But the state argues that after a $5 million ad campaign - funded entirely from federal voter education grants –a toll-free information hotline and ample documents posted online, voters should be informed and aware of the requirements.
"It's a shared responsibility," said Jan McKnight, a spokeswoman for the Pennsylvania Department of Transportation, or PennDot. "We are encouraging everybody to use the information available."
But hundreds of eligible Pennsylvania voters do not meet those requirements to apply for a secure state ID card.
Two weeks ago, on August 27, the state launched a new type "safety net" ID card, which will allow voters who have none of the documentation to prove their identity and residence necessary for the state ID get a photo ID in order to vote. So far nearly 500 of these Department of State voter ID cards have been issued.
"It's a maze to get the IDs," said Vic Walczak, the legal director at the ACLU in Pennsylvania. "If you go through all of the trouble of navigating the maze, which may include several trips to PennDOT, and then at the end of the day you're still stuck in the maze, then they let you get this 'safety net' Department of State ID."
That safety-net ID is only valid for voting and requires a Social Security number, proof of residence and an affidavit pledging that the voter cannot obtain or afford any other form of ID. Because Pennsylvania offers free birth certificate verification for state natives, few people born in the state will be able to qualify for the "safety net" ID. So far the state has spent about $100,000 issuing free IDs to low-income voters, according to the Pennsylvania State Department.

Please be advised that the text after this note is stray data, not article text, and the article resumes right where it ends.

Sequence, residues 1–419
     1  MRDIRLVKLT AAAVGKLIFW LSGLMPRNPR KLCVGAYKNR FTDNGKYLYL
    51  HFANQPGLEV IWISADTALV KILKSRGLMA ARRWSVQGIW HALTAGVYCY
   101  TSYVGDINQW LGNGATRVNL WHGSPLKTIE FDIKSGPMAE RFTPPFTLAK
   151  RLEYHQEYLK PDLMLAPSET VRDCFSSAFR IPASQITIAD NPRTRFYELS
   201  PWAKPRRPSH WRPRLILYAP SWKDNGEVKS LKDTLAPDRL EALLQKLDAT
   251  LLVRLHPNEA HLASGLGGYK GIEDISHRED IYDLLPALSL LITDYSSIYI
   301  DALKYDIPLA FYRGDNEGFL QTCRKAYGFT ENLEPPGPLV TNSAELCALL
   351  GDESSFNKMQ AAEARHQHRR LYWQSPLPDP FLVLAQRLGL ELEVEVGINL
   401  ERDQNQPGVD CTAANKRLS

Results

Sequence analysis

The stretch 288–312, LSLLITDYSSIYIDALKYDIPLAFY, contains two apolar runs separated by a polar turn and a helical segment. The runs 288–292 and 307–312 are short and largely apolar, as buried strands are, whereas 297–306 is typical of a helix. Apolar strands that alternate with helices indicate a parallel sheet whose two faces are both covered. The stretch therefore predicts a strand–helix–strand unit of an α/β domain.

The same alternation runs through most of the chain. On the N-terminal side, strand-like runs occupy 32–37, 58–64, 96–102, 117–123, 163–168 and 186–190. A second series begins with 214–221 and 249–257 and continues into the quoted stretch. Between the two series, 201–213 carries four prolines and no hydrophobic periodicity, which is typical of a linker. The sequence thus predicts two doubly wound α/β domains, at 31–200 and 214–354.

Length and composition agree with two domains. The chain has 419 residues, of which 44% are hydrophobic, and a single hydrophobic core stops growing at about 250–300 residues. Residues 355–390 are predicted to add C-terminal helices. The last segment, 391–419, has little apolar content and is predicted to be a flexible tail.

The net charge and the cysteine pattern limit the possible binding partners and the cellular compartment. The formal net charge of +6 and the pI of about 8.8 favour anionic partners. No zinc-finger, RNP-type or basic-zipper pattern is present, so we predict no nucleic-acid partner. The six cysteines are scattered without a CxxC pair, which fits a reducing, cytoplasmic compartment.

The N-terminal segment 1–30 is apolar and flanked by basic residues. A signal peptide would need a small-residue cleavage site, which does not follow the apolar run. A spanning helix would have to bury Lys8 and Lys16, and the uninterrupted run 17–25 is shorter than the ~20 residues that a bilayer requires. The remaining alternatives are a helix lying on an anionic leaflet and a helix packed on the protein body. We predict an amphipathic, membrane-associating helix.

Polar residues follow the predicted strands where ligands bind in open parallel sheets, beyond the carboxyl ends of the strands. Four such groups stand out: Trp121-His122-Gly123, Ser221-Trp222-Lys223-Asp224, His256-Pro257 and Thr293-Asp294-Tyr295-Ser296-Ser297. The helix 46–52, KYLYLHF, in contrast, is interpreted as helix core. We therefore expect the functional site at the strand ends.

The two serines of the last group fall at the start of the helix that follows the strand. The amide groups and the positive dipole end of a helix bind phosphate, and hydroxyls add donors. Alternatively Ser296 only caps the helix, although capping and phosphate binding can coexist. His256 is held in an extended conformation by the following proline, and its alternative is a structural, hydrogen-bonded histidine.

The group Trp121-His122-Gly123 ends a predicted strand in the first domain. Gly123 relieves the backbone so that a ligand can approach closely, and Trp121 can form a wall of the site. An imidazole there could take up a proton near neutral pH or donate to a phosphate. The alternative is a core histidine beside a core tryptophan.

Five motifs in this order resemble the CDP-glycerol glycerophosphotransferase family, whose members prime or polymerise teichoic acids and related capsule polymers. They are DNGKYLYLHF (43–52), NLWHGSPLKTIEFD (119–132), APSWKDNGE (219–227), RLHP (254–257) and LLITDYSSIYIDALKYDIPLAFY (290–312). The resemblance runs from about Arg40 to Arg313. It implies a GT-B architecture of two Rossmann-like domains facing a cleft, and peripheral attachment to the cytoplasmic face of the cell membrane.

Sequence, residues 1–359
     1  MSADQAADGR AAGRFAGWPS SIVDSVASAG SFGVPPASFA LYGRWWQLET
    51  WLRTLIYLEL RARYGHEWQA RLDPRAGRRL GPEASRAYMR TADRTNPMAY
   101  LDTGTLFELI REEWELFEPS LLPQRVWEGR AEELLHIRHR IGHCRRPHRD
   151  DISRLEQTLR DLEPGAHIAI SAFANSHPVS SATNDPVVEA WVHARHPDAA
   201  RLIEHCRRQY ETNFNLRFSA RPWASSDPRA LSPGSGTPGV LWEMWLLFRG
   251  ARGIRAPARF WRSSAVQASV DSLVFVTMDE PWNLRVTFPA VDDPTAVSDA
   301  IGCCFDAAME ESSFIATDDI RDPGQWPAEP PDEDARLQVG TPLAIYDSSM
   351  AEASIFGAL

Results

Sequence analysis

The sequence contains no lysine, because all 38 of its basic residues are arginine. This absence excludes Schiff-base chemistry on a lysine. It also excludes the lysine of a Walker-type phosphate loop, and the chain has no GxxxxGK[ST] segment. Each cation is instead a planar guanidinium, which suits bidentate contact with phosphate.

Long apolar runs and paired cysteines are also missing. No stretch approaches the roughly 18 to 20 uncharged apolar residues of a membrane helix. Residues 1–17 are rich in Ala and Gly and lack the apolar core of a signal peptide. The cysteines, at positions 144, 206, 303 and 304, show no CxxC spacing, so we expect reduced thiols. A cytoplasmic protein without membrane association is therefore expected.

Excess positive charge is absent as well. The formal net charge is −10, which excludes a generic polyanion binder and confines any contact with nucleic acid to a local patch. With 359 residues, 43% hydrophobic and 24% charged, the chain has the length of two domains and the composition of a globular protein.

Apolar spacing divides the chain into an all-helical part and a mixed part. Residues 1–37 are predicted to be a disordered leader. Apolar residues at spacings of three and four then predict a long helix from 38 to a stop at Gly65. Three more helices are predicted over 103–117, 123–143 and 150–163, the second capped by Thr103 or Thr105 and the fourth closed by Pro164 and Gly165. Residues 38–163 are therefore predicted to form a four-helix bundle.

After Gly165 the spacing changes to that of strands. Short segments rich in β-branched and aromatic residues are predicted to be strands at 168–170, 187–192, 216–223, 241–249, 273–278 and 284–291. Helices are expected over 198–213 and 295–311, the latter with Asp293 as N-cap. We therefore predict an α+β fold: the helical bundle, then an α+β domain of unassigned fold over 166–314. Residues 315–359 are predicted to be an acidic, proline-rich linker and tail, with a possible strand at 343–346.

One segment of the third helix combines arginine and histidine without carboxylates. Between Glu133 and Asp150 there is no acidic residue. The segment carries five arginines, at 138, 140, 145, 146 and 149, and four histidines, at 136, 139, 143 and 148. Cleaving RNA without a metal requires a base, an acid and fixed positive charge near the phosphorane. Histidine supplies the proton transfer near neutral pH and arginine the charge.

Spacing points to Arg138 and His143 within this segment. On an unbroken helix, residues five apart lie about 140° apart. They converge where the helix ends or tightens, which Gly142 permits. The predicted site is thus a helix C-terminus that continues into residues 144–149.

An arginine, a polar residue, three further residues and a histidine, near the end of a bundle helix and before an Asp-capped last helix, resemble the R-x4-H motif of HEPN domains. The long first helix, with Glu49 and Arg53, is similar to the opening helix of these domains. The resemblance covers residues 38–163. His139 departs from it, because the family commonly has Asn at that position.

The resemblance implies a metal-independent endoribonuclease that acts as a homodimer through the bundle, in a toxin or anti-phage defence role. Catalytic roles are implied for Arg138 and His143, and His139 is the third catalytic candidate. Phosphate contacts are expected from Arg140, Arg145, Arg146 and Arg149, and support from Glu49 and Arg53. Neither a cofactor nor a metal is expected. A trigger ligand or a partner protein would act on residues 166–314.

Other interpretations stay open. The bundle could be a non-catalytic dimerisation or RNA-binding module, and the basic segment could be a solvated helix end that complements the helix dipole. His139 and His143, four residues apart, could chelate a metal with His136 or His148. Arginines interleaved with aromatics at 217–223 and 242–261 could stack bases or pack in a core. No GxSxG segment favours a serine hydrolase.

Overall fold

"The entire system is designed to appear reasonable, but in practice is going to prevent hundreds of thousands of people from voting," Walczak said.
Voters who have the six types of documents necessary to apply for the state ID card have limited time to apply. For residents of 13 counties, there is only one day per week that the DMV is open to apply for an ID. And in 10 more counties it's only open two days per week.
For Klincewicz and his 87-year-old mother that limited schedule meant two days of trying in order to get her the ID required to vote, after she mistakenly surrendered her state ID because of a Department of Transportation error.
Klincewicz's wife had to make two trips to the DMV where she and her mother-in-law, Jisele, waited upwards of four hours to get the ID. All told, he and his wife spent more than 20 hours making phone calls, writing emails, driving to the DMV and waiting in lines to get his mother's ID reinstated so she could vote in November, Klincewicz said.
"My mom has not been very politically active, but in this particular election she's on Medicaid and she does have enough lucidity to know that voting for a president that would be taking away some of her benefits is harmful," he said. "She did register to vote, which I had not seen her do in years."
Jisele Klincewicz is deaf and hasn't driven in more than 70 years. Without her son's help, Pennsylvania's new voter ID law would prevent her from voting in the 2012 election, he said.
"It appears to me a solution for which there was no problem to begin with," Klincewicz said. "It does not make me a proud Pennsylvanian, that's for sure."